Catechesis Notes for the Week — Psalm 119: Qoph and Resh—Meditations upon the Word of God—Is there anything that we need for life and salvation for which God’s Word is not the source? No! The Word of the Lord is the fountain and source of everything that we need. In the Qoph section of Psalm 119, the psalmist speaks of the linkeage between the Word of God and prayer. God speaks to us and prayer, as the voice of faith in God’s Word, speaks to God for everything that we need according to His Word. “I rise before the dawning of the morning and cry for help; I hope in Your word.” God hears our prayers on the basis of His loving promises to us in Christ. In this section, statutes, testimonies, word, and commandments are the references to the Word of God. In the Resch section of Psalm 119, the psalmist cries out to the Lord for deliverance from affliction, for the revival of his soul, for salvation renewal in the Word of God. Our relationship with God and everything we need from our Lord and Savior Jesus Christ comes from His Word. In this section, law, word, statutes, judgments, and testimonies are references to the Word of God.
Congregation at Prayer
July 25, 2021Download (Adobe PDF)
Catechesis Notes for the Week — Psalm 119: Pe and Tsadde—Meditations on the Word of God—The testimonies of the Lord and the comfort of His righteousness are themes of both the Pe and the Tsadde sections of Psalm 119. In the Pe section, the psalmist begins by the declaration “Your testimonies are wonderful; therefore my soul keeps them.” This is the language of faith in the Gospel of God’s love and salvation in Christ. The testimonies of the Lord are the promises of the Gospel. They are the declarations of forgiveness and righteousness in Christ. God’s Word can be a stern word of Law, but in this section the emphasis is upon the comfort of the Gospel. The Gospel gives light. It gives understanding to the simple. It directs our paths. It does not allow iniquity to rule over us. It is the word of redemption. By the Gospel, God’s face shines upon us and we are grieved by those who turn away from the Gospel in unbelief. In this section, testimonies, words, commandments, word, precepts, statutes, and law are the references to the Word of God. In the Tsadde section, the theme of righteousness intensifies: “Righteous are you…. Your testimonies … are righteous…. Your righteousness is an everlasting righteousness…. The righteousness of Your testimonies is everlasting…” These are not merely references to the holiness of the Lord, but of the righteousness of God in Christ. The righteousness of God is that He offered up His Son to the death of the cross on our behalf to make full atonement for all sin. This is the righteousness that is proclaimed in the Gospel and received by faith alone and not by the works of the Law. Sometimes “commandments” refer to the requirements of the Law, but commandments can also refer to the edicts of the Gospel that silences Satan’s accusations, takes away sin, and bestows the righteousness of Christ. These “commandments” are the eternal delight of the redeemed sinner. In this section, judgments, testimonies, words, word, precepts, law, and commandments are references to the Word of God.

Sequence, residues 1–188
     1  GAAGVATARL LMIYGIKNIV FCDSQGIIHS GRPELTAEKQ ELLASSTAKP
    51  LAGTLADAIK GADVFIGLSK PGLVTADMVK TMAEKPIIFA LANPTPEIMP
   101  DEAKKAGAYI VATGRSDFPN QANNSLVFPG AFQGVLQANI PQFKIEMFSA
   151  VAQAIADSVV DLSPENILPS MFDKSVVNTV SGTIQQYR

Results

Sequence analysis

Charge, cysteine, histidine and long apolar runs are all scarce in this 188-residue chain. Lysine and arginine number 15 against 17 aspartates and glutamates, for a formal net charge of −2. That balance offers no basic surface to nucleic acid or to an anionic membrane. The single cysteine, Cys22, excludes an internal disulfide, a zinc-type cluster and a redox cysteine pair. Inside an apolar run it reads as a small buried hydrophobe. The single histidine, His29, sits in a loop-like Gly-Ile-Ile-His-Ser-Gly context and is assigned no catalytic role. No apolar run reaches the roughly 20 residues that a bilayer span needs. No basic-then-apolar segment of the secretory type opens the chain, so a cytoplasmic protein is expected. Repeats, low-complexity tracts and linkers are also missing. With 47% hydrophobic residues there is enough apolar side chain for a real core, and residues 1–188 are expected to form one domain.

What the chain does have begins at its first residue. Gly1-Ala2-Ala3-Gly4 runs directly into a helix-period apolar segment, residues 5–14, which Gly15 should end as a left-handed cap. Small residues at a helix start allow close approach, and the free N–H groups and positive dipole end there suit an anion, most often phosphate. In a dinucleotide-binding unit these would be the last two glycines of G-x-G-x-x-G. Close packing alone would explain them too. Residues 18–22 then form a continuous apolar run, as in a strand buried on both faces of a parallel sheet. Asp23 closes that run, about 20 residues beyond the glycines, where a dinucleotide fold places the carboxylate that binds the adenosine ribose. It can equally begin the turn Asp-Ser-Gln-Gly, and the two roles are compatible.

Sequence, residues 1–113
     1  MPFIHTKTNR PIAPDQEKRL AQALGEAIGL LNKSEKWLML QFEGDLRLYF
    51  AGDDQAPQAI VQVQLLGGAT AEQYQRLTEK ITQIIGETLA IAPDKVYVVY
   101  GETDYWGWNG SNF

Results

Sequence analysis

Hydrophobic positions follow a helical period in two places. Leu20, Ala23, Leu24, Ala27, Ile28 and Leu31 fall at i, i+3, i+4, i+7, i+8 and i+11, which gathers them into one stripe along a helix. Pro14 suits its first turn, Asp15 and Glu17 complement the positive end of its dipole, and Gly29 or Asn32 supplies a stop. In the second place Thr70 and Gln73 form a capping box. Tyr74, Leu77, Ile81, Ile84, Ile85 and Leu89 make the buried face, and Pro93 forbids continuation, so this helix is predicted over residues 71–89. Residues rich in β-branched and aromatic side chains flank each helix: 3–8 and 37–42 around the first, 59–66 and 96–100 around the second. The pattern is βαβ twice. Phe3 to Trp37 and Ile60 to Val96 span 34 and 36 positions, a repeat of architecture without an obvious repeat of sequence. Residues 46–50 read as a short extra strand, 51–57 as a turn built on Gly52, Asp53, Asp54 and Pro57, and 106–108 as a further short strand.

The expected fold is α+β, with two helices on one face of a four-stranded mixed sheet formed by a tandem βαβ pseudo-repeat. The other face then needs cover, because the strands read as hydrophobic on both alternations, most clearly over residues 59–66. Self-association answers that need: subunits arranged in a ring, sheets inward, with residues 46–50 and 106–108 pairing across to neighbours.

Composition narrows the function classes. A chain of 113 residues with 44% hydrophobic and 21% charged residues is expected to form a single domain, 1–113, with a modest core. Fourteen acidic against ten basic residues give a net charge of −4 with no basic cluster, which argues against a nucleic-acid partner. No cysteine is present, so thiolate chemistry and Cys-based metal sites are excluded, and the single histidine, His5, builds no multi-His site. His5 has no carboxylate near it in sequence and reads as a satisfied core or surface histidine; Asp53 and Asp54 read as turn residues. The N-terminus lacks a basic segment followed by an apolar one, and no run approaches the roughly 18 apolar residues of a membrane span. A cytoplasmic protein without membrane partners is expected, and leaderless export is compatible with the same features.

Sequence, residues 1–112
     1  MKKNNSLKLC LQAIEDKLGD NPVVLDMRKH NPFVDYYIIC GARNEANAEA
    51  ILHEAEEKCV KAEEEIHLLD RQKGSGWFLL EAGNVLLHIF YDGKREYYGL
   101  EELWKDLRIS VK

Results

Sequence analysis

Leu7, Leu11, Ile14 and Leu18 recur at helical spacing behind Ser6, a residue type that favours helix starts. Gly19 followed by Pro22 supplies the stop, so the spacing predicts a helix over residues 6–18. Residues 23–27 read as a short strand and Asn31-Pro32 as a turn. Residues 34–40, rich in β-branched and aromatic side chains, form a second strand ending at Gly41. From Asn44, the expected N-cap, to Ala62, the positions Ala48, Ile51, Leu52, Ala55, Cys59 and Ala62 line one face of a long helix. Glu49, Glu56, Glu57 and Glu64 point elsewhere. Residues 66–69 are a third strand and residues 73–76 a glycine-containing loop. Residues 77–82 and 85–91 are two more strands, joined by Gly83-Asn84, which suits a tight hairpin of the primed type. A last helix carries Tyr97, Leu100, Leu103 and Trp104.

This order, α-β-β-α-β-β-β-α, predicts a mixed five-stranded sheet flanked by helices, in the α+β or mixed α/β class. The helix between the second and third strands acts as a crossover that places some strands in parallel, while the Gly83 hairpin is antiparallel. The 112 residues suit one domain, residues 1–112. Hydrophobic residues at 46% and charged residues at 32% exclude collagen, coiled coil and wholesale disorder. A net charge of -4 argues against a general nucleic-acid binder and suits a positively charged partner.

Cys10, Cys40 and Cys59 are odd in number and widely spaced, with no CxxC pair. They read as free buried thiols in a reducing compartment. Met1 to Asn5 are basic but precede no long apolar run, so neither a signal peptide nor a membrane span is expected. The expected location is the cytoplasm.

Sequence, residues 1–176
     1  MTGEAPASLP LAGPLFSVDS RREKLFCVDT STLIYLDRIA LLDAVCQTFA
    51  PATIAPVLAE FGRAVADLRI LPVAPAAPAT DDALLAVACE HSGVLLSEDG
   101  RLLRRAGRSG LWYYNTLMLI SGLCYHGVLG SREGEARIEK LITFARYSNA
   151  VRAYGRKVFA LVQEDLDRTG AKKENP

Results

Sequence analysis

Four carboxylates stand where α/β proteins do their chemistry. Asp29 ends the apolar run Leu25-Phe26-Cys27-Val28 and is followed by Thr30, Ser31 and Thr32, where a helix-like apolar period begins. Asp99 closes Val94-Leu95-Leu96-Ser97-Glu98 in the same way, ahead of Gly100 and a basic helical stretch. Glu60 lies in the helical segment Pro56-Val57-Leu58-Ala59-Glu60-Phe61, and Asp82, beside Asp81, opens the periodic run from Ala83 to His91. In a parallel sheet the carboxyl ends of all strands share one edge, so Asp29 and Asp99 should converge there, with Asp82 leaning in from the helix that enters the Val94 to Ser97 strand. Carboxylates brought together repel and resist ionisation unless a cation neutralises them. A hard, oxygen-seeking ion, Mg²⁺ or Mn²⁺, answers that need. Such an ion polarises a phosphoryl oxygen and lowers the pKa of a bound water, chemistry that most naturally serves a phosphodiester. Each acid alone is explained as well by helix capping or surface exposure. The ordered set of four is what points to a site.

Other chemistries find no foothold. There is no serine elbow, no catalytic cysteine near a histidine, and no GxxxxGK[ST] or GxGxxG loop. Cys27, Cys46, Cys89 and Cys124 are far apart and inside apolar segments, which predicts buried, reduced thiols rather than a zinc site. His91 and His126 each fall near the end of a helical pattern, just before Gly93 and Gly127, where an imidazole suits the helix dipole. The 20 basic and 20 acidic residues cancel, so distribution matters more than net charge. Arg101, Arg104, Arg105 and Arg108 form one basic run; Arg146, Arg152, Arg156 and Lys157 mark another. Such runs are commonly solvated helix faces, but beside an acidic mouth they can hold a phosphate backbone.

The Sacrament of the Altar — What is the Sacrament of the Altar? What is the benefit of this eating and drinking?
July 18, 2021Download (Adobe PDF)